The NATSIAA was filled with dynamic works by artists as diverse as Vincent Namatjira, Mabel Juli, Yarritji Young, Mantua Nangala and Warwiriya Burton.Elsewhere, two enterprising dealers, Paul Johnstone and Matt Ward, joined forces to present six different exhibitions under the title, Salon. The quality of these shows was exceptional, featuring rising stars such as Yolgnu bark painter, Barayuwa Munungurr, and painter/ceramicist, Pepai Jangala Carroll of Ernabella.
One had to be in Darwin this year to experience the energy and excitement that has come flooding back into Aboriginal art. I’m moved to note the contrast with the complacency one finds in so many biennales and other contemporary surveys.
Somewhere in the gap between institutional indifference, and the rising ardour of private collectors, there must be a strategy to raise the international profile of Aboriginal art. One suspects that it requires a spearhead: an exhibition of an important indigenous artist to be shown at a venue too big to ignore, in London, Paris or New York. It may not be such a far-fetched idea, judging from a conversation I had last year with Anne Baldassari, the former director of the Musée Picasso, who had just put together the landmark, Icons of Modern Art for the Fondation Louis Vuitton.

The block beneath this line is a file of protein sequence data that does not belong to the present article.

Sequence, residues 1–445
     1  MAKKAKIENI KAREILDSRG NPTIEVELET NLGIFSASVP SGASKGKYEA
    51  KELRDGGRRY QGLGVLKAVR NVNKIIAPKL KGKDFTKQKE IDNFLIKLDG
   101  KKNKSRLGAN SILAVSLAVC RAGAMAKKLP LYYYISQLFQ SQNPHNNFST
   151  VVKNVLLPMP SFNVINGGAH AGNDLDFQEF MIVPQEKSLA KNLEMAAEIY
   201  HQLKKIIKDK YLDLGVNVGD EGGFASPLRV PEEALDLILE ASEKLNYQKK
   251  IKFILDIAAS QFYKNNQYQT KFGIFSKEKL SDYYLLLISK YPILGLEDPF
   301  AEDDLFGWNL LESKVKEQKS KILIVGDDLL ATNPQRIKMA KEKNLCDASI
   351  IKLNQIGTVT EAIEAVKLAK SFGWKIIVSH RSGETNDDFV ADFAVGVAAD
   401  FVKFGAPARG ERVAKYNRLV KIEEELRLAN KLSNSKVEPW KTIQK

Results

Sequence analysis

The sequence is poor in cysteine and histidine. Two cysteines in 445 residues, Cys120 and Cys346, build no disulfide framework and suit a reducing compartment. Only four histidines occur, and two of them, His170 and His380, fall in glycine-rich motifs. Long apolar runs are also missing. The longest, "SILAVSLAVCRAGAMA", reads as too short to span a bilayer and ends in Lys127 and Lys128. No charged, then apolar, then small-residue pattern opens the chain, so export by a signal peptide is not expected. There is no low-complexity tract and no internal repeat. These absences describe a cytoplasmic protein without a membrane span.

“After this show,” I said, “you could do any project. What would you like to do next?”
“What I’d really like to do, she replied, “is a big show of Emily Kngwarreye”.
Had such an exhibition appeared at the Louis Vuitton before the Veil Paintingsappeared in Los Angeles, it’s unlikely Damien Hirst could have escaped invidious comparisons – or even dared to show such pictures. Baldassari’s proposition is on the table if any Australian institution has the will and initiative to follow it up. The private collectors of the world may have discovered indigenous art as art, but the public museums still have to overcome an ethnographic mind-set.
It’s time for a change of emphasis. The Dreamings (Tjukurrpa) have always been the basis of indigenous art, and probably always will be. To accept that these beliefs can act as the impetus for a dynamic form of contemporary art is to add new implications to the ‘spirituality’ of abstract painting. The timelessness of Rothko, the mysticism of Malevich, the dynamism of Delaunay and Kupka, are all contained within an art that recognises no distinction between past, present and future. In indigenous art the idea of linear progress, so dear to historians of modernism, is blown away. It’s the ultimate endgame of the avant-garde, coming soon to a major art institution not near you.
Published in Artist Profile 45, November 2018